Survival planning for relationships
Part two: survival planning for relationships in cases of divorce, becoming a widow/widower, partner incapacitation situations and just plain relationship common sense.
Readers, you should know that I often use case examples to explain concepts and situations. All personal information is kept confidential while places, circumstances and individual identities are changed to protect privacy.
We all understand that a divorce, death of a partner or an individual serious incapacitation situation in a relationship can be emotionally and financially devastating for both parties, but particularly for ladies.
I have always recommended that individuals have some sort of a contingency plan – and here is my caveat – plan at the beginning of the relationship, not the end.
No matter the format: marriage, partners, common-law, uncommitted live-ins, it is incredibly important. Better to know exactly where you stand: it means feeling comfortable relative to both of your family financial positions. The last thing you want during times of great emotional stress is to be searching for records to figure out where you stand financially.
Am I being cynical? Yes!
Too practical? Yes!
Protect yourself: you have not seen what I have seen, particularly with respect to assets brought into, derived from an event, or inherited in the relationship. When you love and trust your partner, it is always assumed that owning everything jointly is often the most expedient solution.
Nevertheless, life does happen. People change. Partnerships dissolve. Transparency goes out the window. The love of one’s life passes prematurely. Second marriages occur. Children’s needs become primary. Accounts can be hacked. And regrettably, sometimes, one partner is a self-serving, mercenary individual with ulterior motives, including financial theft.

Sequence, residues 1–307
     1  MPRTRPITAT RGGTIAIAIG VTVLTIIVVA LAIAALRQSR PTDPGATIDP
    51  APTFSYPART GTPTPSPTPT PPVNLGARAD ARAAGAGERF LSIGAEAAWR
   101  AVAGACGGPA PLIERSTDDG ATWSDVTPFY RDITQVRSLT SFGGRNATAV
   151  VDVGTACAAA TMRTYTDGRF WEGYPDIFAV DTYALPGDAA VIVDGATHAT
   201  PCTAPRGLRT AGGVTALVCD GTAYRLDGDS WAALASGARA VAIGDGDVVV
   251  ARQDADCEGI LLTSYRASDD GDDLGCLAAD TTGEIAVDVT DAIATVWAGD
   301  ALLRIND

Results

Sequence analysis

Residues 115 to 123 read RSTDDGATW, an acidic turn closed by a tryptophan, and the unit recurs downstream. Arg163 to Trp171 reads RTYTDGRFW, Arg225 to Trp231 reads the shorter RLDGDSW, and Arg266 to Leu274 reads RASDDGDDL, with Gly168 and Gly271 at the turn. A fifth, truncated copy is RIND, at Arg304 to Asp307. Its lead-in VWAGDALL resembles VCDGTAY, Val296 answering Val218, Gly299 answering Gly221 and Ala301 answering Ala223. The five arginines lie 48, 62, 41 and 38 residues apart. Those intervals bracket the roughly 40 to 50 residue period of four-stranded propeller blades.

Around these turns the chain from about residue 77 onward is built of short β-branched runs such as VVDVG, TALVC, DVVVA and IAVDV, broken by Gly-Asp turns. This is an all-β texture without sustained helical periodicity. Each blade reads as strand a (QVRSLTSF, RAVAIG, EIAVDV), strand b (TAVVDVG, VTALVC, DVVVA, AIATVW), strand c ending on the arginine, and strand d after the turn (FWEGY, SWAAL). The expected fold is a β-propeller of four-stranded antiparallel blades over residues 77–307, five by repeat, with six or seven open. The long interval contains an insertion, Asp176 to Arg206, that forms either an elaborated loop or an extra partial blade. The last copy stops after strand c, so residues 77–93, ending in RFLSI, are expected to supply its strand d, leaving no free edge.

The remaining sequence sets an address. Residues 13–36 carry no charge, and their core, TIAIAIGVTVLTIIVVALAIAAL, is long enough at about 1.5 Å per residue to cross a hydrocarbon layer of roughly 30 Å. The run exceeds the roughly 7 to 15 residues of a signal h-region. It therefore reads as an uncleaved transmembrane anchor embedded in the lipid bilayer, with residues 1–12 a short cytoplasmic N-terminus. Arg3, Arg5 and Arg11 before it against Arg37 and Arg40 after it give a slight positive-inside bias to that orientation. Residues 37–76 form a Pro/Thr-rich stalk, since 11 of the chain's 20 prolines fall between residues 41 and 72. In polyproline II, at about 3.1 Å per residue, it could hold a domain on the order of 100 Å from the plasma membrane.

In one discouraging case long ago, our lady client had recently become severely handicapped by an industrial accident. She came to our office for financial planning, a perquisite for receiving a very large insurance settlement.
She would no longer be able to work, her memory and day-to-day activities had become quite limited. She seemed unable to grasp that the amount of the award, while large to her, was finite – and nowhere near enough to support her through old age as an increasingly disabled individual.
Accompanying her was a very new husband who immediately launched into the things they would acquire, trips they would be embarking on, and renovations that they were going to do with this windfall.
We made our independent realistic recommendations in order to carefully manage this windfall to protect her and her children’s financial future. She ignored them all, stating that new hubby had power of attorney over her affairs and he knew what he was doing.
He did not understand, it appeared, any financial concepts at all. Further, he sabotaged every financial strategy we discussed and she agreed with his vision of her future.
Regrettably, we terminated the relationship as we could not be responsible for her lack of planning going forward. I often wondered what happened to her, but I think we know the answer. The money is gone.
Below is a suggested list, not all-inclusive, to ascertain and list who owns what, where everything is, how it is being reported, how it can be accessed, so that you can manage and keep your financial records current.
Cash: How are your cash and savings account titled? Make sure that any significant withdrawals or changes in the account require both signatures. Of course, you should jointly discuss account activity as well.